I'm not a lawyer and this isn't legal advice.
Is there any science behind these tests?
If performed under correctly controlled circumstances by an unbiased, well-trained officer, they might be more likely than not to give the correct result. In reality, they are performed on the side of the road with flashing police lights, a nervous driver and a police officer that isn't going to waste their time administering them to someone they haven't already decided to arrest.
Are they just a blank check to arrest anyone?
An officer needs probable cause to arrest someone. An officer could have probable cause that a person is driving under the influence of a controlled substance without a field sobriety test, or could use the failed FST (according to the officer's administering of the test) as probable cause. It's possible that in some rare circumstance an officer has probable cause that someone is committing a DUI but decides that they were wrong after the person aced a FST, but that's not something that should be expected.
As far as I can tell, the relevant section in Oregon law for refusing a FST is ORS 183.136
If a person refuses or fails to submit to field sobriety tests as required by ORS 813.135 (Implied consent to field sobriety tests), evidence of the person’s refusal or failure to submit is admissible in any criminal or civil action or proceeding arising out of allegations that the person was driving while under the influence of intoxicants.
As you can see, the penalty for refusing a FST is just that the fact that you refused it can be presented as evidence against you, it doesn't carry a financial penalty or license suspension like refusing a chemical test. At least one attorney's office in Oregon (Romano Law) recommends that you almost never submit to field sobriety test (every other attorney's site I've found which makes a recommendation also recommends against taking a FST absent an attorney's advice for the particular situation):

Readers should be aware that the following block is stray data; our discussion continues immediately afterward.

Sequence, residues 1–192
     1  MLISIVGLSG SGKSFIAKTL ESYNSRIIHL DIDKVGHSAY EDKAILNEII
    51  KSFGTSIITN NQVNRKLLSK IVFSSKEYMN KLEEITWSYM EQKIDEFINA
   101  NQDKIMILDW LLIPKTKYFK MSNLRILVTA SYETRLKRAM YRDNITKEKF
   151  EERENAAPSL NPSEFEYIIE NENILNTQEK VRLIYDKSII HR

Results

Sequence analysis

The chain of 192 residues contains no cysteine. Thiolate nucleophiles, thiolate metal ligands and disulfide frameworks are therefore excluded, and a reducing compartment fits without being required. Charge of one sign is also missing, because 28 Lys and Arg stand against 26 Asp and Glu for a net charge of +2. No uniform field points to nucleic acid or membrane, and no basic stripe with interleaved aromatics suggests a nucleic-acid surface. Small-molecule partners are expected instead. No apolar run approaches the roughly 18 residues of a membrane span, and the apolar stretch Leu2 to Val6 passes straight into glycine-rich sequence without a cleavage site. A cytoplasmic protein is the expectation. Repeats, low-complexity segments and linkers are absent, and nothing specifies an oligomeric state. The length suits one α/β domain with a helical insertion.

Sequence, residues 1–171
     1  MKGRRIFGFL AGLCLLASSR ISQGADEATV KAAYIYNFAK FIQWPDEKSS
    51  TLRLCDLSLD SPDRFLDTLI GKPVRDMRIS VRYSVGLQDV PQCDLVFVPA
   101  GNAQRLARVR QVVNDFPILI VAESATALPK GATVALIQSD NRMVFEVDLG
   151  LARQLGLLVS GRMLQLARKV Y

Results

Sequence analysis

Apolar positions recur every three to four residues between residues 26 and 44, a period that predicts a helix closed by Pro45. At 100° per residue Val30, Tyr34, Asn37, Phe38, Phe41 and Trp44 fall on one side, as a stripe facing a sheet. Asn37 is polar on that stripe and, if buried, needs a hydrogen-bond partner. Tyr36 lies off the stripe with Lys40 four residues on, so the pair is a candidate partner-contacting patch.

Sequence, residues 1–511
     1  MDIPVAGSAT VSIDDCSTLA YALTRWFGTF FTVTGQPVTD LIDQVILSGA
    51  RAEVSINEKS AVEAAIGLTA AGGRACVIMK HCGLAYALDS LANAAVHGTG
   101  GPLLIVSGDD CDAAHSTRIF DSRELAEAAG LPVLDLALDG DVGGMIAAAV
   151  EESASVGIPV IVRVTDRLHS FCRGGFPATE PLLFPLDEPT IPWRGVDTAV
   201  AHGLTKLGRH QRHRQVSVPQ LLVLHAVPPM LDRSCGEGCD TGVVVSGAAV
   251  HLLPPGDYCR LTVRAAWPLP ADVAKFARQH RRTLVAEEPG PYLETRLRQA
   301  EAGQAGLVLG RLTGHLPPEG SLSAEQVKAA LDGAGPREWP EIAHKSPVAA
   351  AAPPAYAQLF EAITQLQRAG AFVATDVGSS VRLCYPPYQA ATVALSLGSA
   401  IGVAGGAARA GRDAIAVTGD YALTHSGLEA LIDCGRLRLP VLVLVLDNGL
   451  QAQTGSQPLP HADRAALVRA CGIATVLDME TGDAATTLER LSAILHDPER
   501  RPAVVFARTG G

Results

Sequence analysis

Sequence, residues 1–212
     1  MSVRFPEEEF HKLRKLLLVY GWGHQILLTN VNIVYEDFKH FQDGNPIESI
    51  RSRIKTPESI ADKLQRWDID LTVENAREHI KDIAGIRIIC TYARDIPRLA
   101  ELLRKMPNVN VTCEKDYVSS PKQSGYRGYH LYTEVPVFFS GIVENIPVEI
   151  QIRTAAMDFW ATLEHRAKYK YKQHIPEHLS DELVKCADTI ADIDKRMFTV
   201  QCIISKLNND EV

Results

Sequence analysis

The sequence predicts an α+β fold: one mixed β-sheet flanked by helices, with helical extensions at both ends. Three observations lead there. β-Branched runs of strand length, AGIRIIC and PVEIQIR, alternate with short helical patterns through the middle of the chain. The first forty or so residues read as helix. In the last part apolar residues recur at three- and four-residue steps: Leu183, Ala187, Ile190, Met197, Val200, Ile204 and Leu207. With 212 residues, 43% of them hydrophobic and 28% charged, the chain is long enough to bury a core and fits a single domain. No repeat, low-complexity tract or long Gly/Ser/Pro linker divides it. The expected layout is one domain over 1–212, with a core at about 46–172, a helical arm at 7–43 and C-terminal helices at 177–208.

Should I refuse a Field Sobriety Tests?
In most cases, yes. This is a complex area of DUI and search and seizure law, but in most cases, a police officer requesting Field Sobriety Tests has already made their mind up. You’re going to be arrested for DUI, and therefore they are only gathering more incriminating evidence of the crime of DUI with the FSTs. The FSTs are very difficult tests to perform without error, and anything you do incorrectly or poorly will be used against you to suggest you were drunk.
Ultimately, just about everything officers do during a traffic stop is intended to trick drivers into admitting to wrongdoing or provide evidence against themselves, including FSTs. Since you say you don't think you would pass them even if you are not under the influence of a controlled substance, it sounds like you may be better of not submitting to an FST (you are not required to explain why you are refusing the test either, and it is unlikely to be in your best interest to do so absent an attorney's advice), but if you are concerned you can contact a local attorney for a consultation.
Even if you are later exonerated through a blood test, should you really have to go through the arrest process just because you're a klutz?
The officer has likely already decided to arrest you before they ask to administer the FST, if it's any consolation.